First, the Parliamentary and Health Service Ombudsman looked into a series of complaints about HS2 Ltd and last year concluded they were guilty of maladministration, saying that they didn’t keep their promises or deadlines and didn’t share information, leaving everyone in limbo.
Then the Public Administration and Constitutional Affairs Committee found HS2 Ltd had a “Culture of Misinformation” and a “Complete Disregard” for the Public, before finally Ian Bynoe, a former Independent Police Complaints Commissioner who had been commissioned by HS2 Ltd themselves delivered his verdict. He said:
“Residents experienced administrative delay, prevarication, and a lack of candour about what the Company was willing or able to do and when. They encountered an unreasonable and unjustified defensiveness when they complained that the standard of response they were getting and its timeliness were unacceptable.”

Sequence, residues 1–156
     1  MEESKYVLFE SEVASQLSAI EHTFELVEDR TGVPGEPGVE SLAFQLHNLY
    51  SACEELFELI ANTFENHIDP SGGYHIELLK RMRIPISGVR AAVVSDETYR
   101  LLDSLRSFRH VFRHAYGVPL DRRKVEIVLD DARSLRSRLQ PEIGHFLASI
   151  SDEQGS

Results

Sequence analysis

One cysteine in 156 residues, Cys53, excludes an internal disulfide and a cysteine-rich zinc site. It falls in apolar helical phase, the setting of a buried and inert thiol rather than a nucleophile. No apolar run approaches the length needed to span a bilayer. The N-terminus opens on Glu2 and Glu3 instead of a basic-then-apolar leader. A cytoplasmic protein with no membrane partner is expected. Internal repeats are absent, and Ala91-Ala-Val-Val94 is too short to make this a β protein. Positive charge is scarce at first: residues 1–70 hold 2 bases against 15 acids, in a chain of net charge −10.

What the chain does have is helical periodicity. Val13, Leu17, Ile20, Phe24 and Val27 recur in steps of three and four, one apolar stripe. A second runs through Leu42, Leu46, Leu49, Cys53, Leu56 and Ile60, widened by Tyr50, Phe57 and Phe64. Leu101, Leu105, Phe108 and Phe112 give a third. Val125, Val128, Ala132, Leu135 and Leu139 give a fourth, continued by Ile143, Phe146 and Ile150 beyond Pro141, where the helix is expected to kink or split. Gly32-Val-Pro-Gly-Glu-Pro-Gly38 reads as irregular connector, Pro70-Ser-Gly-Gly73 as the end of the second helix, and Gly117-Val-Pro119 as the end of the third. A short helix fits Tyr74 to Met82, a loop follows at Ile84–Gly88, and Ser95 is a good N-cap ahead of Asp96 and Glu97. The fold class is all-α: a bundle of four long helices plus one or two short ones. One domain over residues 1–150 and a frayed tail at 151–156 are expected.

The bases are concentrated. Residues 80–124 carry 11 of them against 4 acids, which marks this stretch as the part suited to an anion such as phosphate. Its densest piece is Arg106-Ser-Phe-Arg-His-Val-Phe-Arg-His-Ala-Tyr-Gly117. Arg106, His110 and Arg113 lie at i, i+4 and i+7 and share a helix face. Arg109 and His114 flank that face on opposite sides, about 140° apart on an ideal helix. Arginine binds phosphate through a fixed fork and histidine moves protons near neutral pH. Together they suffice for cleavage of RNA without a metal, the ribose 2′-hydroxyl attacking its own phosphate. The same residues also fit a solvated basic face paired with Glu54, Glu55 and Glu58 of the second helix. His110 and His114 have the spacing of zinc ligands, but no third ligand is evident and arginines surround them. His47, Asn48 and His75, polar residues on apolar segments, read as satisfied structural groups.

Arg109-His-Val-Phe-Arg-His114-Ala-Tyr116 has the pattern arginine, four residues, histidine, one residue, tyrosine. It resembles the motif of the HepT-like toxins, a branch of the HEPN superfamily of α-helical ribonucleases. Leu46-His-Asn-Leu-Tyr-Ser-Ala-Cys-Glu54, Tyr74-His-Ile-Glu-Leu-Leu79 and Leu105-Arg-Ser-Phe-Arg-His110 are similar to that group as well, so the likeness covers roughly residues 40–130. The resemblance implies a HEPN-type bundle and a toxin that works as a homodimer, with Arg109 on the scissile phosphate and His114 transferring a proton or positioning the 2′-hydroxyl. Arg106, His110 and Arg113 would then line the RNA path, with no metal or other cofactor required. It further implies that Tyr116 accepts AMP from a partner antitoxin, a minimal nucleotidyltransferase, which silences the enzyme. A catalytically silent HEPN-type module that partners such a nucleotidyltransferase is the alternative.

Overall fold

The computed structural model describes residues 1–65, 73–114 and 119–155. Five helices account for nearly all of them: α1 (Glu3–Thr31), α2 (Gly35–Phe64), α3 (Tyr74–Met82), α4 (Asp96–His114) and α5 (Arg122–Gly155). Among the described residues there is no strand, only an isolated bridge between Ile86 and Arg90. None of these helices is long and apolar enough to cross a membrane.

We would strongly recommend people check out the links above as this will give you some sort of idea of what you are dealing with concerning HS2 Ltd.
One clue about their competence has already been spotted in that many people receiving letters from HS2 Ltd this week have found that they did not contain information about the roadshow events they are planning over the next month. These will be in Mexborough, Staveley, Bolsover, Bramley, Aston, Hemsworth, Crofton and Tibshelf, and are listed in full at the bottom of this page.
It’s important to remember that these will not be public meetings, but ‘roadshows’, basically consisting of some giant maps and lots of people in suits who, in our experience won’t be able to actually answer most of your questions. One thing we’ve found in the past is you might get different answers to the same questions from different people. Here’s a couple of examples of ones in the past at Hampton in Arden and Burton Green.